Coming off two big wins this past week, the Habs are set to square off against the Rangers at the Bell Centre Saturday. Despite being so close in the standings, the Habs have been utterly dominant against the Rangers. Montreal is 2-0 against their Eastern Conference Rivals this season. Dating back to last year, Montreal is 5-1 against John Tortorella’s squad. But what’s to explain the Habs’ stranglehold over the Blue-Shirts?
At first glance, the Rangers and Canadiens seem to be built in similar fashion. If one were to dig just a little deeper however, it starts to become clear that the Habs have a slight advantage over the Rangers in certain key areas of the game.
Starting in goal, both clubs have all-star calibre work horses in net. Carey Price and Henrik Lundqvist have a .920 and .923 save percentage respectively, both have a GAA hovering around 2.35, and have both started over 40 games. Like most things in Hockey however, the stats don’t tell the whole story. Price holds a definitive advantage in handling the puck. Just prior to this season, Glen Sather reportedly told his Swedish netminder (according to Larry Brooks) that he would have to improve his play around the net, especially in terms of stopping the puck for his defensemen. Price on the other hand, is very comfortable handling the puck, and often makes it difficult to execute the dump and chase against the Habs. When analyzing each team’s defense corps, the differences between the team’s start to get a bit more difficult to find.
Overall, the Rangers’ defensemen have a better +/- rating, while the Habs’ d-men have scored 10 more points. The Rangers’ group has more hits, while the Habs’ group has more blocked shots. Something that should be noted however, is that playing time tends to be more evenly spread in Montreal. Among regularly active Habs D, only Yannick Weber is playing less than 19 minutes per game, while no one is averaging over 24. The Rangers meanwhile, have two men playing over 24 minutes, and tend to carry at least 3 men who play less than 17 minutes. Perhaps the only inference that can be made from this is that the top Rangers defencemen have a higher chance of getting tired out by the end of the game, while the Habs’ D may have conserved more energy, allowing them to finish strong. This may be reaching, but consider that in the last 4 meetings between the two teams, Montreal has scored 86% of the 2nd and 3rd period goals.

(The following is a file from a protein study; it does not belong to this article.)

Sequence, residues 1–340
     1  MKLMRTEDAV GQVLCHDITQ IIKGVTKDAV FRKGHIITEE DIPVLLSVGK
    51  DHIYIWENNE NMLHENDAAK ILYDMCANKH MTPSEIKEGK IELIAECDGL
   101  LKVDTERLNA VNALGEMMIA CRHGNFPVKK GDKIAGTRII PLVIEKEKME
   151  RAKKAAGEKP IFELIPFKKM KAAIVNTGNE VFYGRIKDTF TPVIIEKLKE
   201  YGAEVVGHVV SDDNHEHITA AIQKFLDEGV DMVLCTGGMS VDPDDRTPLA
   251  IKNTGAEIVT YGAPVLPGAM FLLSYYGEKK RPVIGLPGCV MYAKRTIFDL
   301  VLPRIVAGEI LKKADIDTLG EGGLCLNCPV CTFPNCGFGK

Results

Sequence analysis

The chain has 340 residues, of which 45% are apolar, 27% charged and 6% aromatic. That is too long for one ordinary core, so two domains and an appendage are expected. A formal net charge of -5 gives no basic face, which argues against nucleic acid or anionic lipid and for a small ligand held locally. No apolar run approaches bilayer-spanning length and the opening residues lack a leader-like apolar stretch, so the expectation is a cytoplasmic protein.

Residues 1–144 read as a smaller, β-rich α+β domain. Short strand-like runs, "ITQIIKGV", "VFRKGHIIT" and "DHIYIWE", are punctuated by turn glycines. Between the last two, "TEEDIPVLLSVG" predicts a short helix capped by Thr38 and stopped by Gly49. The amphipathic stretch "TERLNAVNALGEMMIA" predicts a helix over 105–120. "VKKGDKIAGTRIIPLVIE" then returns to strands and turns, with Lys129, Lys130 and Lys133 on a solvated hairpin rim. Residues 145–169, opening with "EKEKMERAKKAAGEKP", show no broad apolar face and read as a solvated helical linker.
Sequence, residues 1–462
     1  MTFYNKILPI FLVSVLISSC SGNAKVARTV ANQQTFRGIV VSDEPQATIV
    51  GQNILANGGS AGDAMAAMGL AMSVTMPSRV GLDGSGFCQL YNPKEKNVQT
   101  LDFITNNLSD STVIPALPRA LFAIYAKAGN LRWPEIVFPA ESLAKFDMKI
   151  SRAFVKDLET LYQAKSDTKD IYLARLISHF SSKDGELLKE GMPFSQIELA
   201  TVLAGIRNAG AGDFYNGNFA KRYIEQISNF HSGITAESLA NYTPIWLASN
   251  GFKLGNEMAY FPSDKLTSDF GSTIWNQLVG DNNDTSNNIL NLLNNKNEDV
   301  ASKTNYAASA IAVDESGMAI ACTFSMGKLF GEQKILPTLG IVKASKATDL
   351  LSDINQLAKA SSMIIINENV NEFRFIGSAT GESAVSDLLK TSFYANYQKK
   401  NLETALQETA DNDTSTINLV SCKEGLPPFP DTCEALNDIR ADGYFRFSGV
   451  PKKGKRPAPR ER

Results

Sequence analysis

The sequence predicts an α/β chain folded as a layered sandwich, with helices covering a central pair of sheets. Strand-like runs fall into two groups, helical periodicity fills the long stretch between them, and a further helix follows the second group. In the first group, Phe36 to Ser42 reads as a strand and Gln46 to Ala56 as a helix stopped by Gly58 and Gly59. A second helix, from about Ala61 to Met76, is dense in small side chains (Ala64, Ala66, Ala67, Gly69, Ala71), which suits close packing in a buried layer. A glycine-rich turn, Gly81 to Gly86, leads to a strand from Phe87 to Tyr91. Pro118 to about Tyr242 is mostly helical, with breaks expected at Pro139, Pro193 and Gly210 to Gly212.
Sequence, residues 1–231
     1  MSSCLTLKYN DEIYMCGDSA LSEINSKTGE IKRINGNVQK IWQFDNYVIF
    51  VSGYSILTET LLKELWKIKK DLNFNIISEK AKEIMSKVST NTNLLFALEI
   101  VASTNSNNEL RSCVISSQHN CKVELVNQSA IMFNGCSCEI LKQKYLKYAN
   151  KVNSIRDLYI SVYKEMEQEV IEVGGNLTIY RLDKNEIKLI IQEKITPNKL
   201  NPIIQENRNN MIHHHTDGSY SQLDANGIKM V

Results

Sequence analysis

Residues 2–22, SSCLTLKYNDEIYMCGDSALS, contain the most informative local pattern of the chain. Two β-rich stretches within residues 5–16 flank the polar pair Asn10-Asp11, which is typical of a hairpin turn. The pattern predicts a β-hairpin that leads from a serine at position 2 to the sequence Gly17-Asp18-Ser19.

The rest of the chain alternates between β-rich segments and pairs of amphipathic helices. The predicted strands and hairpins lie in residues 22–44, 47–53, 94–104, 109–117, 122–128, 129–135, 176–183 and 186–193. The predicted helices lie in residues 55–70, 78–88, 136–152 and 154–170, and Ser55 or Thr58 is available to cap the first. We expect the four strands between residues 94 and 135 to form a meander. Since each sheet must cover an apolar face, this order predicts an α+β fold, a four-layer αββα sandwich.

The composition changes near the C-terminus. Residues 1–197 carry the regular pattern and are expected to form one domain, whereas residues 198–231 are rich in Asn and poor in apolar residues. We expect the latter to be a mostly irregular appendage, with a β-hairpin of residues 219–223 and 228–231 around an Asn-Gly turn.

Statistically, the team is also similar up front. Only 6 points separate the cumulative scoring of the top six forwards on both teams. Both teams are only separated by 12 goals for overall. Just like the Habs, the Rangers seem to only have 1 offensively productive centre (Brandon Dubinsky and Tomas Plekanec). Like the Canadiens, both teams have only one winger that can fill the net on a consistent basis (Marian Gaborik and Brian Gionta). What the Habs lose in size, they make up for in speed. The major difference between forwards on both clubs is their ability to win draws. The Rangers rank an abysmal 28th in the league with a 46.1 faceoff percentage. The Habs meanwhile, are in the middle of the pack, a full four points higher than the Rangers, with a 50.2 faceoff percentage. Although losing a draw isn’t the end of the world, constantly starting without the puck makes takes its toll throughout the game. Having less control of the puck, leads to less offensive rushes, which lead to fewer shots on goal, which won’t help anyone’s odds of lighting the lamp.
The Rangers look to have their hands full as they leave the city “so nice they name it twice”. The Habs’ defensive depth, speed, face-off ability and of course their all-star goaltender, will make it difficult for the Rangers to leave Montreal with a victory. Too bad the game isn’t won on paper though.